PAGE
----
For each haul, all catches from both codend and cover were handled separately, and classified into species levels. Each of species were weighed and counted, and the total length was measured. Due to large number of individuals, random sub-sampling was conducted at some hauls. All data were collected onboard.2.2 Data analysis
Selective curves were fitted by the logistic equation as given by Fryer (1991) and Wileman et al. (1996). In the logistic equation, the retention probability of a fish with l length entering the codend can be expressed as follow:
where r(l) is the probability that a fish of size class l would be retained, v1 and v2 are selective parameters to be estimated. By the parameters v1 and v2, the 50% retention length (L50) and selection range (SR) can be obtained as:
where the parameters v1 and v2 are estimated by maximum likelihood method. The log-likelihood function is expressed as follow (Wileman et al., 1996; Tokai, 1997; Tokai and Mitsuhashi, 1998; Millar and Fryer, 1999):
where Nni is the catch number of fish with l length in the codend, Nci is the catch number of fish with l length in the cover.
To maximize the equation 4, we used SOLVER in Microsoft Excel-2003 (Tokai, 1997; Tokai and Mitsuhashi, 1998; Deval et al., 2006). Model deviance was compared to the number of degrees of freedom (dof) to judge the ability of the model to describe the fishing data (Wileman et al., 1996). If model deviance is significantly larger than dof (indicated by P < 0.05), it is necessary to determine whether the reason is the model′s inability to describe the length-based structure of the data (lack of fit), or whether it is a case of overdispersion in the fishing data (Madsen et al., 2012). Inspection of a lack of overlap between the 95% confidence limits of selective parameters, L50 and SR, was conducted to determine whether there were any differences between the tested codends (Madsen et al., 2012; Wienbeck et al., 2011, 2014; Deval et al., 2016).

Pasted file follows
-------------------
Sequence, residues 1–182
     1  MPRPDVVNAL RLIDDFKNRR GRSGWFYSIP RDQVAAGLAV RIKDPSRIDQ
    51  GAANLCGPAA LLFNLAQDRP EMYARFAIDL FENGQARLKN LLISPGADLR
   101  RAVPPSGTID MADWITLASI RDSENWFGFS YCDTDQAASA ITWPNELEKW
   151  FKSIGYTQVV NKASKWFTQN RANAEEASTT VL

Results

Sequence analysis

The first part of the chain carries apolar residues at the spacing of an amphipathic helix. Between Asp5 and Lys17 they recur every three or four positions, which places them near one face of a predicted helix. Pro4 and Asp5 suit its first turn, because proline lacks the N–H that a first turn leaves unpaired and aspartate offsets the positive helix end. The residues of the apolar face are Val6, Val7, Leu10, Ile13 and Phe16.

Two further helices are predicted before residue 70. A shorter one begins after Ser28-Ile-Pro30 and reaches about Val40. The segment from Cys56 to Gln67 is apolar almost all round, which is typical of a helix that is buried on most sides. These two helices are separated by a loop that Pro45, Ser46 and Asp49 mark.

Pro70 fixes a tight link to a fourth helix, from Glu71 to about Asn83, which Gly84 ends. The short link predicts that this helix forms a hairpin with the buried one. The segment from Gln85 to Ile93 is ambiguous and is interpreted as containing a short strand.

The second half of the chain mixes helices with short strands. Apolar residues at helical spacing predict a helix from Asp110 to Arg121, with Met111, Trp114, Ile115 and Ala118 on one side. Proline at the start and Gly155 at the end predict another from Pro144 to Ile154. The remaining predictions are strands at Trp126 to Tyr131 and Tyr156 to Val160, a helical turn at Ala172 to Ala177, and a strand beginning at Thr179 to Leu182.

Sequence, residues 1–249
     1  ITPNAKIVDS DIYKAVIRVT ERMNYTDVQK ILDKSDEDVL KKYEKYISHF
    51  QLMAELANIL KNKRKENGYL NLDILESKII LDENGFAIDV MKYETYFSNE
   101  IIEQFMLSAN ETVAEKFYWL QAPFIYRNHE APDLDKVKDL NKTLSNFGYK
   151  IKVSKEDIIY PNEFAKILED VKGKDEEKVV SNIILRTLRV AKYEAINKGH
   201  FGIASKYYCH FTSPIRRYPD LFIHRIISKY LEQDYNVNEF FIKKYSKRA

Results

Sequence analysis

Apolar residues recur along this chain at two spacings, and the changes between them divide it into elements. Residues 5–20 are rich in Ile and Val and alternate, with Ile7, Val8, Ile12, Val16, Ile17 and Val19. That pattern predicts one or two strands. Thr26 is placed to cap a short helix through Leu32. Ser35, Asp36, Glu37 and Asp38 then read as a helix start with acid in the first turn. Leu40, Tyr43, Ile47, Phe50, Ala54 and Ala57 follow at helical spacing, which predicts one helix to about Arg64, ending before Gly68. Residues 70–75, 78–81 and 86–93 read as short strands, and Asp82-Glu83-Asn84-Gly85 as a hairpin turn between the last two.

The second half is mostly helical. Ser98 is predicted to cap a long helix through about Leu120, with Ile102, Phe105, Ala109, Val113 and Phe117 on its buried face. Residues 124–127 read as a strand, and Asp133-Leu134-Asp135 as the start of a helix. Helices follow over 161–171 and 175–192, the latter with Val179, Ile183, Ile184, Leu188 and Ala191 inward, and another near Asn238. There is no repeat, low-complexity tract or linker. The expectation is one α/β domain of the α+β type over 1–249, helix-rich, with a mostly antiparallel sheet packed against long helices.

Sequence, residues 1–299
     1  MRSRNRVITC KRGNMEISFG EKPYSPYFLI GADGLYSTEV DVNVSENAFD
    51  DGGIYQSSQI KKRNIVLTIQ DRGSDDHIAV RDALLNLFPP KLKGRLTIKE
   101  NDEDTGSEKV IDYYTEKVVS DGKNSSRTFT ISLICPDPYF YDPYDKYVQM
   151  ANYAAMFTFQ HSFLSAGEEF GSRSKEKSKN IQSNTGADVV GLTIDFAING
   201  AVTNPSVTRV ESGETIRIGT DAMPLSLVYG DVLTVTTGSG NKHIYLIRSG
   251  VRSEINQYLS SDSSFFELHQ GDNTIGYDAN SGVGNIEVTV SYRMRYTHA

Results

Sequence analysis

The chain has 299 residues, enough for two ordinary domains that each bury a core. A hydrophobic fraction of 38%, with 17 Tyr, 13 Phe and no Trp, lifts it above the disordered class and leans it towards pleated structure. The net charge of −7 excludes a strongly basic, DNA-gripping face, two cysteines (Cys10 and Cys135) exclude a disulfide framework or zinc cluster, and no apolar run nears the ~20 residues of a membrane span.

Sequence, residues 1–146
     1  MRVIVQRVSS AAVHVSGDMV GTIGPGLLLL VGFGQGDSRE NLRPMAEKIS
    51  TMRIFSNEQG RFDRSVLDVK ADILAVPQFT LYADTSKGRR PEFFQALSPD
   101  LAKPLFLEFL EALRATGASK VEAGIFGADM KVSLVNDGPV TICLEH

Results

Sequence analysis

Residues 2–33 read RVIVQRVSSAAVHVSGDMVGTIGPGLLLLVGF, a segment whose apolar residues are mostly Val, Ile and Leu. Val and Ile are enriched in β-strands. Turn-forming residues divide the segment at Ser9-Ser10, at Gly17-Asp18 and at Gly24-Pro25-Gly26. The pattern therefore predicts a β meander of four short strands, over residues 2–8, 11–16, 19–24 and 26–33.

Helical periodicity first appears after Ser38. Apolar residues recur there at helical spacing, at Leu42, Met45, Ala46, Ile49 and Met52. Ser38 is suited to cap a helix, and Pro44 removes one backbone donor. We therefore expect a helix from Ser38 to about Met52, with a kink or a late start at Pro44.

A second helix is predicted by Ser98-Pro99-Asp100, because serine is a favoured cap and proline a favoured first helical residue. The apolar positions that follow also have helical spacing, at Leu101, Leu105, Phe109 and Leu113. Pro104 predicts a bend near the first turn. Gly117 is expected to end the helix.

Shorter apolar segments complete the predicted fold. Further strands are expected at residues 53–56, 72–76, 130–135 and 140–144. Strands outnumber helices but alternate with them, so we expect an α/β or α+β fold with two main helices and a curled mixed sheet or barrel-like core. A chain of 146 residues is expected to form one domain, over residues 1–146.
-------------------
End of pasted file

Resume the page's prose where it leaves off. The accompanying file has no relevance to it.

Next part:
As mentioned by Fryer (1991) and Millar et al. (2004), the selectivity of the same fishing gear can vary considerably from haul to haul even when deployment is replicated under controlled conditions. It is necessary to analyze data at haul level, and then estimate the mean selection curve for each codend. In the present study, the fishing data from each codend were analyzed following the procedure recommended by Wileman et al. (1996) and Deval et al. (2016). Logistic curves were fitted to fishing data at haul level with maximum likelihood method. The parameters v1 and v2, together with their variance-matrix Ri parameters, were estimated haul by haul for each codend. If the logistic equation fail to describe the experimental data, data of this haul would be discarded. Then all parameters, v1 and v2, and their variance-matrix parameters, Ri, were combined to obtain the mean selection curve by residual maximum likelihood (REML) for each codend (Fryer, 1991; Deval et al., 2016). If the REML failed to obtain available mean selective parameters, mean selection curves were obtained by pooled data of all hauls for the specific codend.3 RESULT